When the fight did come, my troops were quickly overrun and captured. I guess it is true that there is no such thing as a dead cavalry man. Even when facing young troops. It was OK in the end since my young soldiers realized that the federals gave up the ship and it ended up in our hands after all.

After that long wait at the Ironclad and the disappointing battle, I figured the morale of my troops would not be high enough to go see if we could find more action. I could not have been more wrong. After a brief period of R & R to handle some of the aforementioned issues we once again charged toward battle. This time we fought under our own flag.

We deployed on the ridge overlooking a large valley. The artillery was chewing up a detachment of cavalry amongst some pines when a second detachment was seen streaking along the far ridgeline. It was easy to see that they made it across unscathed until they came out again among pines on a far hill. They were well within range of the artillery and a few well placed rounds reduced their number.

Before long, dismounted cavalry was seen in the valley below us and it was time for the Munchkin Brigade to have some fun. They poured fire on the low lying troopers by volley, by rank, and at will. At one point they refused the line with a very well executed countermarched wheel. When it looked like the dismounted cavalry was going to take our position I asked my troops “Shall we charge”. Needless to say, I was soon looking at my options for making this charge. The thicket was too rough at our present position so we moved along the ridge towards the artillery about 50 yards. At the call to charge we bounced down the hill towards our foe. Unfortunately one cavalry skirmisher wounded me before we reached enemy lines and my boys stopped to protect me. I guess it was like cutting off the head of the snake, or was it just pure loyalty.


My special commendations go out to all the fighting soldiers of the Munchkin Brigade.

Submitted by Brevret Captain John


After Action Report Squads 1 and 2

All (and I do mean, "All"...troopers, civilians, kids, canines, felines, etc.):

What a weekend!!!! The weather was perfect, the hosts were perfect (well, Michelle was...Red Dave is still working towards that goal), the company was perfect…heck, even the animals cooperated fully.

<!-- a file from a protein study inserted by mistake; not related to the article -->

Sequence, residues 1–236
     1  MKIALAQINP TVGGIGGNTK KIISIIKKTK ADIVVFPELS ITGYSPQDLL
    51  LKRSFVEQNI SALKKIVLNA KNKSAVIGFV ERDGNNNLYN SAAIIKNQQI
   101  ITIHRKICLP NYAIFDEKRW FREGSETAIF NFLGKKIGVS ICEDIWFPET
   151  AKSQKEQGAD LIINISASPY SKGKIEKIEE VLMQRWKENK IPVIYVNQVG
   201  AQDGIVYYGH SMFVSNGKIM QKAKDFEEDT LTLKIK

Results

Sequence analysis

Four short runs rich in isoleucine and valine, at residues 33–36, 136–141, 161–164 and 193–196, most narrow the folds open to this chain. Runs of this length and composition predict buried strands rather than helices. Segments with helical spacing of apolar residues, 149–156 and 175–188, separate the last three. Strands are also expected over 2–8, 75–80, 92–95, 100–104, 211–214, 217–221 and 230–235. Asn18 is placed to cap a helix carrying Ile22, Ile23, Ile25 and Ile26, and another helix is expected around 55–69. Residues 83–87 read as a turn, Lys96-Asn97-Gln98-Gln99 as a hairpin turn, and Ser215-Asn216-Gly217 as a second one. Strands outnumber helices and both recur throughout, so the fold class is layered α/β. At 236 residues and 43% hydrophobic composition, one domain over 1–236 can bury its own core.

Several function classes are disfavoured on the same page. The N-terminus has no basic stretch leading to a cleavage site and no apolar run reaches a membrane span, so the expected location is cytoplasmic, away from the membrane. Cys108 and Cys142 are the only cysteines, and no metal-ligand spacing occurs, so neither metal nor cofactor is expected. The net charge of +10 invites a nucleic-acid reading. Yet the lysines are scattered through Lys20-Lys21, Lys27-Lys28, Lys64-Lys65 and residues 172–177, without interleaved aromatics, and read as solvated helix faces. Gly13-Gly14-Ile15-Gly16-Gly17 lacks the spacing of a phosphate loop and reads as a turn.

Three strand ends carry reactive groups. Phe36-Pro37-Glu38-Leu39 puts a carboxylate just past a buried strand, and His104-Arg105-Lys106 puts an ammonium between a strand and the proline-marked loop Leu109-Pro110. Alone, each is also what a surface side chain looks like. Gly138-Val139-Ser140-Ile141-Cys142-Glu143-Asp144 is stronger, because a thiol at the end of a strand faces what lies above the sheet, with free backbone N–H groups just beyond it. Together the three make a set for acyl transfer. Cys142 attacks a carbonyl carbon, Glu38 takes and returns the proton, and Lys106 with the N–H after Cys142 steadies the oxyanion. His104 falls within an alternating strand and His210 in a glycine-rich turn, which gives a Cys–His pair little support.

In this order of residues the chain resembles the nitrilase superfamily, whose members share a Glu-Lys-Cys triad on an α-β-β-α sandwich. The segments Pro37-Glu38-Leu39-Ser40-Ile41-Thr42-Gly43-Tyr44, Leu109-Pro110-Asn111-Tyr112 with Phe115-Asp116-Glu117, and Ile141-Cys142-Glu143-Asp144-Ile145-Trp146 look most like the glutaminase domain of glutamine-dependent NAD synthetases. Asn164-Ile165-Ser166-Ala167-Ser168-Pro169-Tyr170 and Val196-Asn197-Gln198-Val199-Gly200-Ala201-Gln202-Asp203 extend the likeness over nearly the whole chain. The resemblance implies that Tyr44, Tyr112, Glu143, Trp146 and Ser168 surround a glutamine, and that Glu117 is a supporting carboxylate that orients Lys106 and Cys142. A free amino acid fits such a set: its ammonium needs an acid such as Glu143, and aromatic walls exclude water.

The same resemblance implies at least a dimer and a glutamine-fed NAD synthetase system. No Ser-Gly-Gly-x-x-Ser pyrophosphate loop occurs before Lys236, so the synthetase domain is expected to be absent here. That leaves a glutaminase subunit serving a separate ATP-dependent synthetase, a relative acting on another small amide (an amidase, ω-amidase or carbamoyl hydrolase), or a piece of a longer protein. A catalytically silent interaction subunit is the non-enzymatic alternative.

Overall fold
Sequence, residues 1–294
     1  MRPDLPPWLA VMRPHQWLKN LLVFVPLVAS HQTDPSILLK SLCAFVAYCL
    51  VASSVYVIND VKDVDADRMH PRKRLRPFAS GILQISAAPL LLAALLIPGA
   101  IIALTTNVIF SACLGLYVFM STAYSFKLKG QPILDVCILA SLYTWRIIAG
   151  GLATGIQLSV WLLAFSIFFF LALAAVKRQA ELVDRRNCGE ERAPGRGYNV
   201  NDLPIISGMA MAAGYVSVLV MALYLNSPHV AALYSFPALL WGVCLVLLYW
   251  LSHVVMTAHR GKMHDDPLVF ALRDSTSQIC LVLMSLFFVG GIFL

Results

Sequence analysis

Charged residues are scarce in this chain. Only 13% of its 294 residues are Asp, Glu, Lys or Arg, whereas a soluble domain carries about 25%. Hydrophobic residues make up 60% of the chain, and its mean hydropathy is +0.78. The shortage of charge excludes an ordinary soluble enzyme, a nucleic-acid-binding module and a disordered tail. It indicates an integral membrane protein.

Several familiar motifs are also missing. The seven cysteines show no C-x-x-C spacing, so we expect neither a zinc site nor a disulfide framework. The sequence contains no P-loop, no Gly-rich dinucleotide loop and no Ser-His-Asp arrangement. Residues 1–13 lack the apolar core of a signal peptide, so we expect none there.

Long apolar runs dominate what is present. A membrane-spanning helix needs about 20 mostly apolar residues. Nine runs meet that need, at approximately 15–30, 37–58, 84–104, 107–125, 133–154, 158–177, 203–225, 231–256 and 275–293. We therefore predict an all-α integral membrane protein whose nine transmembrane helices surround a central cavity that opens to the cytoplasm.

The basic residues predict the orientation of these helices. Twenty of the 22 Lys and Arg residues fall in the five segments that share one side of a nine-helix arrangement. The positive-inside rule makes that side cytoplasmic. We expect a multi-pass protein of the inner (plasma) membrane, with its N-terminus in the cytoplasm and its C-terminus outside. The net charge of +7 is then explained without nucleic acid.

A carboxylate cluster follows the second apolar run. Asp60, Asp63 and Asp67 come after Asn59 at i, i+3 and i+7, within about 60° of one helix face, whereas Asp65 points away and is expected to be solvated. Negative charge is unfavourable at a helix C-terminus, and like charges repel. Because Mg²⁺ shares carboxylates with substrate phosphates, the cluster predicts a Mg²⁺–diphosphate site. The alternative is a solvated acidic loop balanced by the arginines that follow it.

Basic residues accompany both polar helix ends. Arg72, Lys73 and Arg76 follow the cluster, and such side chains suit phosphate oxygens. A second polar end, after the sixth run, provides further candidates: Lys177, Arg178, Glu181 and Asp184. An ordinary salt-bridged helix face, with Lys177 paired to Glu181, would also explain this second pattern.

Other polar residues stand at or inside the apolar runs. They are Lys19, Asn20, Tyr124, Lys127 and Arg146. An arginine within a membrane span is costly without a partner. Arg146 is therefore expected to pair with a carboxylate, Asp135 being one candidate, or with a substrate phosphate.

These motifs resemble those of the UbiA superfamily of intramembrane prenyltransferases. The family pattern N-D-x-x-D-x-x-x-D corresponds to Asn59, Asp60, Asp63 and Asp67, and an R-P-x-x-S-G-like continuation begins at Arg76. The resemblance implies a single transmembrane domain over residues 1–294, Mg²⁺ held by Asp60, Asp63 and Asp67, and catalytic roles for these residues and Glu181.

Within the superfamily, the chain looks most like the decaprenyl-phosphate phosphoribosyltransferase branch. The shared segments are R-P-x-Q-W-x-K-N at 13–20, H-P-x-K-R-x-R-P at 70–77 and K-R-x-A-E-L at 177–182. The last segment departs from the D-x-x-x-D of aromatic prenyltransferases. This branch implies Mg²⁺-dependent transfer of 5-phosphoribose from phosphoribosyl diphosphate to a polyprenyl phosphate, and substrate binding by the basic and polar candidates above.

For those of you who were not able to attend...well, you missed a wonderful time. For those of you who did attend, I hope your physical therapy and massage bills are not too expensive.

Below is a recap of the weekend.


Sgt. Poustie, General Poustie (aka Bev), Corporal HAZMAT Schetter and myself were the first ones to arrive at Red Dave's on Friday. After quickly setting up our personal camps, a picket line, a water trough, etc., we started to direct traffic into the campsite. It didn't take long for the camp to get filled. In fact, by late afternoon we had enough troopers to take a ride of the property. While on this ride, I noticed several troopers were looking "for something", not sure what, but they were definitely looking "for something" that might be connected to the planned scenarios on Sunday. Sadly, they didn't find anything of value.

By Friday evening everyone was settled into a cool night of slumber. And, a cool night is exactly what Trooper Stefl (with one S) was going to have. As he was unloading his gear at 2 a.m. he realized he had only brought one shelter half, not a full tent, but half of a tent. But, being the Boy Scout he is, he quickly fashioned a shebang that he called, "North Pole", and quickly fell asleep. (And, I am happy to report he only suffered two frostbit toes.)


Dawn came early on Saturday. In fact, Doc swore someone had moved up the sun. All were bright-eyed and happy to fall in for the year's first assembly. And, this year's first assembly was different from past years. This year, we assembled the company by squads. After a brief introduction and review of the day’s events, the company was dismissed to take care of their horses and themselves.